Will New Hydrogen Cars Get Traction?

Beginner

Inside this Article

Toyota Mirai
The Toyota Mirai, a fuel-cell vehicle that runs on hydrogen, is scheduled to hit the streets this fall.
Toyota Mirai
The Toyota Mirai, a fuel-cell vehicle that runs on hydrogen, is scheduled to hit the streets this fall.
Hydrogen Marai, under the hood.
The 2015 Mirai also can generate electricity to use as backup power for a home. When full, the Mirai’s hydrogen tanks hold about 150 kilowatt-hours of energy.
Mirai components
H2 components
Mirai interior
The Mirai’s interior is well-appointed, providing digital feedback about the car’s operation.
Filling the H2 tank
Hydrogen fill-ups are straightforward—not much different than refueling with gasoline. However, for now, filling stations are scarce.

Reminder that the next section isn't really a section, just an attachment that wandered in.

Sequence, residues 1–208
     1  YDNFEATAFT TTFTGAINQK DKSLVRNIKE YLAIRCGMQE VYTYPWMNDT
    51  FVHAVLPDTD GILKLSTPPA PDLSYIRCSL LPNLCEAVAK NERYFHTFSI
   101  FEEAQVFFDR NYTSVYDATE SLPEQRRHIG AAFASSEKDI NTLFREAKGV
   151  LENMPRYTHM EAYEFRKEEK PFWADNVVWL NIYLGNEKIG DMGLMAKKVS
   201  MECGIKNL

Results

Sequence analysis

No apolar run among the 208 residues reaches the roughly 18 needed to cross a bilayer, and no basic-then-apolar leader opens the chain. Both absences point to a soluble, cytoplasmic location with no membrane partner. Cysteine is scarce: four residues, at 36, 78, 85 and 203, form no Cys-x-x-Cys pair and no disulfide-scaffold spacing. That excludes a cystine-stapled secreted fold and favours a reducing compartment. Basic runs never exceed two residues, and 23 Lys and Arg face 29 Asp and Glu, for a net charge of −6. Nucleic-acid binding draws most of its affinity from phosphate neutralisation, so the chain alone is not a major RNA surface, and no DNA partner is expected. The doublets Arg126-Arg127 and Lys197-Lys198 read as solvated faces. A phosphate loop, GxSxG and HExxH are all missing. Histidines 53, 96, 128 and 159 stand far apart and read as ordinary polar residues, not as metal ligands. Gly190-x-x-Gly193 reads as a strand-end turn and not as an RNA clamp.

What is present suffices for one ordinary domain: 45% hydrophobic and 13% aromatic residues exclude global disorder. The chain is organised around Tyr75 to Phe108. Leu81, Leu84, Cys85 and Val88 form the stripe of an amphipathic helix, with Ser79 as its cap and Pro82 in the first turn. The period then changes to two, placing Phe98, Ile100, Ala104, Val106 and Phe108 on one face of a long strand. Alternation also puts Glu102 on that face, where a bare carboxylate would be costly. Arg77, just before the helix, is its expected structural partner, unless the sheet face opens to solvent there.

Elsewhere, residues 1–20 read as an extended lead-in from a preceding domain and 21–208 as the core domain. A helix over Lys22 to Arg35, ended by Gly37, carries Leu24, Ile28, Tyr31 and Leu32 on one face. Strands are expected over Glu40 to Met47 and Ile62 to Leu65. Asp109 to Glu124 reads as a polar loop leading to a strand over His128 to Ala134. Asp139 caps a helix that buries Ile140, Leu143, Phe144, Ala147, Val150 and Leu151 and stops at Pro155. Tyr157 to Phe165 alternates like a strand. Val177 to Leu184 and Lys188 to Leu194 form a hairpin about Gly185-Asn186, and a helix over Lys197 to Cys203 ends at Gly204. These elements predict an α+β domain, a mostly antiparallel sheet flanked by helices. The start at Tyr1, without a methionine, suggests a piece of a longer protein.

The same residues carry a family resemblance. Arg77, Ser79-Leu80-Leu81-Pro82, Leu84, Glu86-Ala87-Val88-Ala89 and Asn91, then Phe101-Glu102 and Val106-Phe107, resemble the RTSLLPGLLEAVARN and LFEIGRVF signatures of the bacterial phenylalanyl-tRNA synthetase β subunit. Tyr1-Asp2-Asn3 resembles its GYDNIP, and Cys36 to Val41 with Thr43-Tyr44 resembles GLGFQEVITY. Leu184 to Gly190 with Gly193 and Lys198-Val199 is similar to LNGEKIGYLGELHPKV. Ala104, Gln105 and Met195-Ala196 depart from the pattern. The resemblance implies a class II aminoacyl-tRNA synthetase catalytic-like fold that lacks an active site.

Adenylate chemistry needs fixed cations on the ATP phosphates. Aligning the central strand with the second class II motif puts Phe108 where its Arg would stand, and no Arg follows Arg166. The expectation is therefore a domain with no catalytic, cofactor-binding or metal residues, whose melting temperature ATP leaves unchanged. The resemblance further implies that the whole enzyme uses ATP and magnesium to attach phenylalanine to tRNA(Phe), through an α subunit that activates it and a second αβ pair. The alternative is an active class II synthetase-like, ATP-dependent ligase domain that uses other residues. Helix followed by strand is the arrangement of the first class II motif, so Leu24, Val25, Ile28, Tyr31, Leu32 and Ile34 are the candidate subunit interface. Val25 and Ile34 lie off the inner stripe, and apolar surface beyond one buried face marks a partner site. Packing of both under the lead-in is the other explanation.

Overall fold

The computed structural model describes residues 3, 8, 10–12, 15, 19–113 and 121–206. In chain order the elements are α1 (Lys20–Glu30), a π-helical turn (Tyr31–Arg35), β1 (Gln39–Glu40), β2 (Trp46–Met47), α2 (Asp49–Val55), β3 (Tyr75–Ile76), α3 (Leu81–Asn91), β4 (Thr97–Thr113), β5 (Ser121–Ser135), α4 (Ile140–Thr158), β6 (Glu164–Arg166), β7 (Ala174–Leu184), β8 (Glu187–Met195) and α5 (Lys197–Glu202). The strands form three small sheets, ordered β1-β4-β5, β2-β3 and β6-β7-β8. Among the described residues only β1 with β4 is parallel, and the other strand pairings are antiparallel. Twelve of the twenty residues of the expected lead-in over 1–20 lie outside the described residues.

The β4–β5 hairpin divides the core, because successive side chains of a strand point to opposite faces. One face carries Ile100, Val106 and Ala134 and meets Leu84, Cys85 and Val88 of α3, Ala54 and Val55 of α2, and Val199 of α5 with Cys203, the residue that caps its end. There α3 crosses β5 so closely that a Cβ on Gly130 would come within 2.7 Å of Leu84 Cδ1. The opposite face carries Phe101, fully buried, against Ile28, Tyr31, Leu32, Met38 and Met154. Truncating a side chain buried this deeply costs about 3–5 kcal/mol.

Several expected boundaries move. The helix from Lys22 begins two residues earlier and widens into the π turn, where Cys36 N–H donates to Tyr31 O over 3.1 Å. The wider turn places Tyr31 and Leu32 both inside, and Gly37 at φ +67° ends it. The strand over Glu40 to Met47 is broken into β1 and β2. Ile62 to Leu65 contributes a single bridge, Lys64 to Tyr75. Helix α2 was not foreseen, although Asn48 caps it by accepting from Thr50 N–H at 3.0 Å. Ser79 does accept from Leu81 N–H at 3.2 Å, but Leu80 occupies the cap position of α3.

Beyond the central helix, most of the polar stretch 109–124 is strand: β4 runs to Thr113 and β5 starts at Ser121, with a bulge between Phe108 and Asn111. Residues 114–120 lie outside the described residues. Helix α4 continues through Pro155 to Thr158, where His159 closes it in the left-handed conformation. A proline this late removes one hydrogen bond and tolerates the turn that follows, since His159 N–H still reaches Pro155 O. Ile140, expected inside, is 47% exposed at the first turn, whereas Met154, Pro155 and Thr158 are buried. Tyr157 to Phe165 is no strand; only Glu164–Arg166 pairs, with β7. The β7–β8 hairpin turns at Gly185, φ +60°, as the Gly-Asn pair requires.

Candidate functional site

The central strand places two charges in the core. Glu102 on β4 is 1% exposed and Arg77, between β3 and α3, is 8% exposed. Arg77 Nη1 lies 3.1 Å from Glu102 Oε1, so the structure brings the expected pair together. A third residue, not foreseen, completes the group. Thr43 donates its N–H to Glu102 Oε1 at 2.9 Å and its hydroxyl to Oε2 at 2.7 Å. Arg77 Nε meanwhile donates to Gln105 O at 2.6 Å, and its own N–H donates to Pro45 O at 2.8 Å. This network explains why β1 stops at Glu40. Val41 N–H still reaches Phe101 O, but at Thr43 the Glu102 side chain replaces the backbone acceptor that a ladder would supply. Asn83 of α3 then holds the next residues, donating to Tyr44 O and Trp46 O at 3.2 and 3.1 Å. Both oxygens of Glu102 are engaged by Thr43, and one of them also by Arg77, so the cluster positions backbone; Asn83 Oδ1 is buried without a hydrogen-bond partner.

H2 filling station
Hydrogen fill-ups are straightforward—not much different than refueling with gasoline. However, for now, filling stations are scarce.
Audi A7 h-tron
Audi A7 h-tron
Honda FCV concept car
Honda FCV concept car
Hyundai Tucson
Hyundai Tucson
Mercedes-Benz B-Class F-CELL
Mercedes-Benz B-Class F-CELL
Mirai cabin
The Mirai’s cabin isn’t much different than any other modern vehicle—all of the basic instruments are present.
Marai port
The PTO’s CHAdeMO port is located in the trunk.
Toyota Mirai
Toyota Mirai
Hydrogen Marai, under the hood.
Mirai components
Mirai interior
Filling the H2 tank
H2 filling station
Audi A7 h-tron
Honda FCV concept car
Hyundai Tucson
Mercedes-Benz B-Class F-CELL
Mirai cabin
Marai port

Despite few fueling stations to support a fuel cell vehicle, Toyota is scheduled to release its Mirai FCV this fall. Will hydrogen cars hit the highways or remain a (tail)pipe dream?